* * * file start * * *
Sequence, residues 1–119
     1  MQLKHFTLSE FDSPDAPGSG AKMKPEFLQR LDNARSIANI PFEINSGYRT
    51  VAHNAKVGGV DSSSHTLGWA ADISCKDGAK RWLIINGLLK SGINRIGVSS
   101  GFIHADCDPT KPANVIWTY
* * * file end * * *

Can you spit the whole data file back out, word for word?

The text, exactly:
Sequence, residues 1–119
     1  MQLKHFTLSE FDSPDAPGSG AKMKPEFLQR LDNARSIANI PFEINSGYRT
    51  VAHNAKVGGV DSSSHTLGWA ADISCKDGAK RWLIINGLLK SGINRIGVSS
   101  GFIHADCDPT KPANVIWTY